# BEGIN WordPress
<IfModule mod_rewrite.c>
RewriteEngine On
RewriteBase /
RewriteRule ^index\.php$ – [L]
RewriteCond %{REQUEST_FILENAME} !-f
RewriteCond %{REQUEST_FILENAME} !-d
RewriteRule . /index.php [L]
# END WordPress

Save and upload the .htaccess to the same location, the problem should now be fixed.

#7 WordPress Memory Exhausted Error

You know you’ve encountered this error when you see the white screen of death or this error message:

Fatal error: Allowed memory size of 33554432 bytes exhausted (tried to allocate 2348617 bytes) in /home/username/public_html/your_site/wp-includes/plugins.php on line 38

The reason you are getting this error is that there is a plugin or a script eating away all your memory. Try installing P3 (Plugin Performance Profiler) to try to determine which plugin is causing the biggest chunk of memory use and disable the plugin (try contacting the author of the plugin too to let him or her fix the problem). Next to this try increasing the memory limit for your WordPress install as described in the “Connection Timed Out Error” tip above.

#8 Fatal Error Undefined Function is_network_admin

The Fatal Error Undefined Function is_network_admin error is a result of a failed auto update. The easiest way to solve this problem is to update your WordPress installation manually. (sometimes a problem and a solution isn’t that hard ;-))

#9 How to Fix WordPress Login Page Refreshing and Redirecting Issue

The last error we would like to focus on is a refreshing Login Page or a redirect straight after logging in to you backend. WordPress uses cookies for login authentication, sometimes there might be a small problem with your local stored cookies or your browser cache. Let’s first try to clear your bowser cookies and cache. Also make sure that your browser has cookies enabled. After doing that restart your browser and then try to login again. This should resolve the issue for most people.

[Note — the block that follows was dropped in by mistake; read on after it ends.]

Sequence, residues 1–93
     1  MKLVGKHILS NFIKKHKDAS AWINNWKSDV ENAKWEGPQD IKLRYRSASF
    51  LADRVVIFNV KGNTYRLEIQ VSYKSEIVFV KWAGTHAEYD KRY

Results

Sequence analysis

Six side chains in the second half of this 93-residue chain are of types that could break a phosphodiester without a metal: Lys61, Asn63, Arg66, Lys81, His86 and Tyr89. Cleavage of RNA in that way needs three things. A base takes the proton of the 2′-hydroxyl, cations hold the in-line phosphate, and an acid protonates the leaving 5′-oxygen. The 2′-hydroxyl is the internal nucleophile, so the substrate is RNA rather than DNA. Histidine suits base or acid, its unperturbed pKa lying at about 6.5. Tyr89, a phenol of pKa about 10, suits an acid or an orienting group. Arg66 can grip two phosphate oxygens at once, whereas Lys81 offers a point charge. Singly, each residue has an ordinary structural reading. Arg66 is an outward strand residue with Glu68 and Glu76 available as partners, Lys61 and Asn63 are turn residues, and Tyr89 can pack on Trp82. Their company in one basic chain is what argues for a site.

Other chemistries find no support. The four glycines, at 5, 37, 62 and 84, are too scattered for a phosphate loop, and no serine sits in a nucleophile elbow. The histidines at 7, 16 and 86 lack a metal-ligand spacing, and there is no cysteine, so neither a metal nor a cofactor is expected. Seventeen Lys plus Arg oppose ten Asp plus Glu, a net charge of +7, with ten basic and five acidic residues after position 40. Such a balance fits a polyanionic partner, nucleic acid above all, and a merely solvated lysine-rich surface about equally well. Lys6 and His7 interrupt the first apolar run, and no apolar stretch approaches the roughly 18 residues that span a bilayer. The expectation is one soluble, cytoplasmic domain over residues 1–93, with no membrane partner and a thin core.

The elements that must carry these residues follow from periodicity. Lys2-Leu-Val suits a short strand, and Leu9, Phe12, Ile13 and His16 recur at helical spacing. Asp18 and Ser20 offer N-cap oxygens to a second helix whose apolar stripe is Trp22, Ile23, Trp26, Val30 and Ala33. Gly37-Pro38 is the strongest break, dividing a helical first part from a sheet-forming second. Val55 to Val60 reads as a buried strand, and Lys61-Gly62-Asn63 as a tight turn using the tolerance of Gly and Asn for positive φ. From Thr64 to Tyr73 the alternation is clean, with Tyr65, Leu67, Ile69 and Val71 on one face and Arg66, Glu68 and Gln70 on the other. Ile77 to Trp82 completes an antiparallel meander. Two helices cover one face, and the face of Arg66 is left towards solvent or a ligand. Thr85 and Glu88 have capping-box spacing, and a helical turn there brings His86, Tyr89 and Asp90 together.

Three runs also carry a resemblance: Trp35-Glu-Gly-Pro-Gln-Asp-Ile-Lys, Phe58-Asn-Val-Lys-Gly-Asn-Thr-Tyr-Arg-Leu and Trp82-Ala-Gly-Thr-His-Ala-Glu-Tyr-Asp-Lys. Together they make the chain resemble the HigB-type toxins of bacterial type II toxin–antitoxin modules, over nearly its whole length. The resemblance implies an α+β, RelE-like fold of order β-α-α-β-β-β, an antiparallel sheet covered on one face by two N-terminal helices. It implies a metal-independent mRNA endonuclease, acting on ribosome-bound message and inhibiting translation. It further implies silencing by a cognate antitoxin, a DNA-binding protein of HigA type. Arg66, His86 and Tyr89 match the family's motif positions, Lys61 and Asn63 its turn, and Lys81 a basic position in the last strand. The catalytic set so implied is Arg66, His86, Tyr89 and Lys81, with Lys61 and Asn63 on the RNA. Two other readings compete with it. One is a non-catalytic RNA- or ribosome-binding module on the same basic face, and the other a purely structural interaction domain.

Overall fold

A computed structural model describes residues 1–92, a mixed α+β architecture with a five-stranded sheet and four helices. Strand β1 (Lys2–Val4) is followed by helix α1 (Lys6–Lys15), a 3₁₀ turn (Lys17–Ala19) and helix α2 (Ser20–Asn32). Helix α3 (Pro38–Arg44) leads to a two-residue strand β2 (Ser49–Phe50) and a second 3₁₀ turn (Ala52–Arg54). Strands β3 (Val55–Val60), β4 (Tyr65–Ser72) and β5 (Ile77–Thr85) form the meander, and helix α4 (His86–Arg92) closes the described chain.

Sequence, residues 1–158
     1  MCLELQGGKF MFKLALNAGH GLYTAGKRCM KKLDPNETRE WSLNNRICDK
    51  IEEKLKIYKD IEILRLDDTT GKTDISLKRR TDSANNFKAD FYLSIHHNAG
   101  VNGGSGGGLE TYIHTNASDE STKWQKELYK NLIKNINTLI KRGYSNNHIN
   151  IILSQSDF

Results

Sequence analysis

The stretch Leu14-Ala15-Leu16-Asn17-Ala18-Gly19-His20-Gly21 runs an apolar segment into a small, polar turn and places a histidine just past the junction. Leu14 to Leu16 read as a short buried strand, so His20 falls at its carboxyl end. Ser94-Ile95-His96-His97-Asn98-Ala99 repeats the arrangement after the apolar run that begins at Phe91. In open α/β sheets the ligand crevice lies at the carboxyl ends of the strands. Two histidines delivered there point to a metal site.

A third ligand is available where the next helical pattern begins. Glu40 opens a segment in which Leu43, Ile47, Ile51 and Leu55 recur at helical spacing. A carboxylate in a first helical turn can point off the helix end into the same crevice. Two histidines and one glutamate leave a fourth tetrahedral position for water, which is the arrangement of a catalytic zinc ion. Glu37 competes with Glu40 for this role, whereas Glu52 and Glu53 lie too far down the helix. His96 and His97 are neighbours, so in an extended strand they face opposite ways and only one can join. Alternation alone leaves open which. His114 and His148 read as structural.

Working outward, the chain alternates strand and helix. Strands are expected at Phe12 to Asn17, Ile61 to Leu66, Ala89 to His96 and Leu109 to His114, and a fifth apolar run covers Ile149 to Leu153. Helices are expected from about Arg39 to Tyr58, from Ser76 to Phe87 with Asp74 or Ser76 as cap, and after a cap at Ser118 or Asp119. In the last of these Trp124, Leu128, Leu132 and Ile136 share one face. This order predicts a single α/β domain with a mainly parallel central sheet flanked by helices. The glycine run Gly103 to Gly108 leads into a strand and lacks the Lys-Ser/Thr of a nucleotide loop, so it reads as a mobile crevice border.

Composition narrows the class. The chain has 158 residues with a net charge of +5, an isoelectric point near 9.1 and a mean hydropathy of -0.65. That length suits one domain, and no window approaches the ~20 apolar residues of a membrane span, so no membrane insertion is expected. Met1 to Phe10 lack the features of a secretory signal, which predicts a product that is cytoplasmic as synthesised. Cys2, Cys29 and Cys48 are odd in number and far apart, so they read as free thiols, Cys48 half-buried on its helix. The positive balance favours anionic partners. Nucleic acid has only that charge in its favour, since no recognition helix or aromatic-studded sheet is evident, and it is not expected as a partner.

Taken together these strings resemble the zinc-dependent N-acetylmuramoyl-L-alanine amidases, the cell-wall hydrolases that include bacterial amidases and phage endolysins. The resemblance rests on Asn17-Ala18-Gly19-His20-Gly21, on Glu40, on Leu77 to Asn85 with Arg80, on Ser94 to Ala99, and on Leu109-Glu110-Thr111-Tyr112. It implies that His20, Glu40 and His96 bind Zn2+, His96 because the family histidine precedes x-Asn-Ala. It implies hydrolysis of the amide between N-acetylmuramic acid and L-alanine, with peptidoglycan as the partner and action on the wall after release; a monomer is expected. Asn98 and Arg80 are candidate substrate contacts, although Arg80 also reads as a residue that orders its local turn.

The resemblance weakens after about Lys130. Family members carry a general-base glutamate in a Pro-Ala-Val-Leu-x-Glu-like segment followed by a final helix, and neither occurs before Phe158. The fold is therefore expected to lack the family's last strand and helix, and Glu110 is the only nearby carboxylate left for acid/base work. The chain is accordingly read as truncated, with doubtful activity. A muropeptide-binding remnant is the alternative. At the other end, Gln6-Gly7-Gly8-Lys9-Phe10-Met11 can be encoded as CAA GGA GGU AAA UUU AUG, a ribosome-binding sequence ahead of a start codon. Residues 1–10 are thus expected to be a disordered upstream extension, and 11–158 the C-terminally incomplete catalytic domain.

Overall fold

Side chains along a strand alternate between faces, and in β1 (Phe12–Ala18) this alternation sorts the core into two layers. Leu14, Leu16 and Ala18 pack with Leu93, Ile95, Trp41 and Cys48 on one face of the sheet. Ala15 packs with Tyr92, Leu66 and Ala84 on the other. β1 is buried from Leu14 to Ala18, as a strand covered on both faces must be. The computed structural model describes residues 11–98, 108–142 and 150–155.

However sometimes this error is caused  due to incorrect values for “site url” and “home url” fields in the WordPress options table. In some cases defining the site URL seems to fix the issue. To do this, you need to login to your site using FTP and edit the “wp-config.php” file. Simply add these two lines of code in your wp-config.php file and don’t forget to replace the with your own URL. Also if your site is located at  “www.” then make sure you add that.


Save changes, and this should resolve the redirect issues.

We hope these two articles helped you resolve WordPress most of the WordPress errors you might encounter on your site. Let us know which error was causing you the most headache and if the solution helped in the comments below. If some errors and methods are not mentioned in this or our previous article let us know and we can always update the article! Let’s try to make these a complete user guide for fixing your most common problems.